Law firms setting fixed fees and publishing them online are likely to be cheaper than their competitors, research for the oversight regulator has found.

The Legal Services Board today publishes research based on surveys of more than 1,500 law firms on pricing for 15 common legal services for individual clients.

The results show that prices of commoditised services varied by at least 37% between the cheapest and most expensive providers, with significant differences between the north and the south-east.

Firms that displayed prices on their website were more likely to offer a cheaper service, while firms working on fixed fees were cheaper than those on variable fees in every category of work.

The functioning of the legal services sector will come under scrutiny this summer with a report by the Competition and Markets Authority (CMA).

One of the CMA’s tasks will be to decide to what extent law firms should be forced to reveal their prices upfront and display them online. A fully functioning price comparison website for legal services could be an outcome of its recommendations.

Neil Buckley, chief executive of the LSB (pictured), stressed he was not arguing that cheaper providers were better options for clients, nor that lawyers were too expensive for the services they were offering. But he urged firms to volunteer price information on their websites and for price comparison sites, saying that this could benefit both consumers and providers.

At the moment, 'substantial’ savings on commonly purchased legal services - especially those which do not require face-to-face meetings - can be made by searching the market across England and Wales.

For consumers in the south-east in particular, the research showed that a premium may be paid for direct, locally sourced legal services.

’There is still some way to go before all consumers can be confident of finding the legal services they need at a price they can afford,’ said Buckley. ’Firms who are yet to adapt will have to look at what their competitors are providing.’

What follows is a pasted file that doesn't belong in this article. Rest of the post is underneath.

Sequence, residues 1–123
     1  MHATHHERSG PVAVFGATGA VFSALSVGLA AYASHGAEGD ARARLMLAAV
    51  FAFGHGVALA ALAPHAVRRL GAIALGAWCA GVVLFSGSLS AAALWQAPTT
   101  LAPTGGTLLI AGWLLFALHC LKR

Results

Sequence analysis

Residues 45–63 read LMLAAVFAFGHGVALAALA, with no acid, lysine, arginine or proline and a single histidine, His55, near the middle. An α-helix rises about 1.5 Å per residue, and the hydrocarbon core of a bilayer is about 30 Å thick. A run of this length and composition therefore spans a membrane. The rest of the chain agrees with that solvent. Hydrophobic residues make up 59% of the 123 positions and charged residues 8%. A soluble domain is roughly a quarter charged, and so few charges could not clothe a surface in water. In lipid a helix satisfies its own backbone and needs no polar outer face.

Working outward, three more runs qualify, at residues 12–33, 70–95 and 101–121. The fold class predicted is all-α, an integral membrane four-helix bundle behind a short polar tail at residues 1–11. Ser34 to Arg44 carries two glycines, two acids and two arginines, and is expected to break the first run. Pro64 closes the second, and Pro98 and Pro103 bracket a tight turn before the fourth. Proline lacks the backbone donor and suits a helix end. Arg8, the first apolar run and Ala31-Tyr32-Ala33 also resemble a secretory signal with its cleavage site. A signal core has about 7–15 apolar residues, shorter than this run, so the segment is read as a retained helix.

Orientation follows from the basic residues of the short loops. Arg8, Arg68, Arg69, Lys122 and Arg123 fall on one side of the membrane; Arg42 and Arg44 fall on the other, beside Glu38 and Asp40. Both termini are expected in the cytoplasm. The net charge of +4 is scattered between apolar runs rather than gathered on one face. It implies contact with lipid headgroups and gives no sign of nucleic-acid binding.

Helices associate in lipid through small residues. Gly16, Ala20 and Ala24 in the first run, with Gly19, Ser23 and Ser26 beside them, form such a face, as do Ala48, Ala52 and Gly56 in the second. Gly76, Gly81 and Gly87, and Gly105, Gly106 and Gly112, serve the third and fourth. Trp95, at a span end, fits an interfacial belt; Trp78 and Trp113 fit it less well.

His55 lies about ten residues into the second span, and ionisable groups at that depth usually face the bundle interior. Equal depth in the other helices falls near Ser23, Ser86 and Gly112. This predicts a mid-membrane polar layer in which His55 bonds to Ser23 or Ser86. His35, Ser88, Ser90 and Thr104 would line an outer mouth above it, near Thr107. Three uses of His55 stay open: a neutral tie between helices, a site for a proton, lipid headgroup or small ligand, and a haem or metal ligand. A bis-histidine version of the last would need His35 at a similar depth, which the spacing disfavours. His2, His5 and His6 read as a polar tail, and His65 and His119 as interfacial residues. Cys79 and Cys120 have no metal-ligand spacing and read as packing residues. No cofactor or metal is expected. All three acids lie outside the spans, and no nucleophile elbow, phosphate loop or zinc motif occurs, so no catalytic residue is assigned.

Around 17% of the firms surveyed display prices on their website. More than three-quarters of firms now work on fixed fees in all conveyancing, wills and lasting power of attorney matters.

Firms that were more transparent on costs charged on average £50 less for conveyancing sale (freehold) services. On average, fixed fees providers were £64 cheaper in this category.

The mean price to purchase a freehold property was £722 and with a leasehold property purchase costing £815 on average.

The mean cost of an uncontested divorce for petitioners was £722 and £453 for the respondent. Where children were involved, the average cost was £953.

The average cost for an individual standard will was £168, for lasting power of attorney £414, for grant of probate it was £829 and for estate administration it was £1,926.

As would be expected, the difference in price was greatest for cases categorised as complex divorce cases involving children, complex divorce cases involving assets and estate administration.

The research found no significant differences in cost between alternative business structures and other firms.

The majority of firms (67%) stated their prices had stayed about the same over the past 12 months, with just 4% reducing prices.

LSB strategy director Caroline Wallace said the regulator was not advocating a ‘race to the bottom’ on price, but equally said consumers should be protected if firms did try to sacrifice service levels.

‘You can’t get cheaper by cutting corners and making it not fit for purpose. This is a market where it is not just price that counts, but levels of service too. We are not arguing you always go for the cheapest but you should be in a position to make an informed choice.’

Law Society chief executive Catherine Dixon said: ‘It is important that people can make informed choices when buying legal services. In the current legal services marketplace, paradoxically solicitors - amongst the most qualified and trained - are the most regulated, while providers who may have no legal training are not regulated. The Competitions and Markets Authority is reviewing legal services. There is an opportunity for better, simpler and more cost effective regulation that ensures consistent client protection and value for money across the whole of the legal services market.’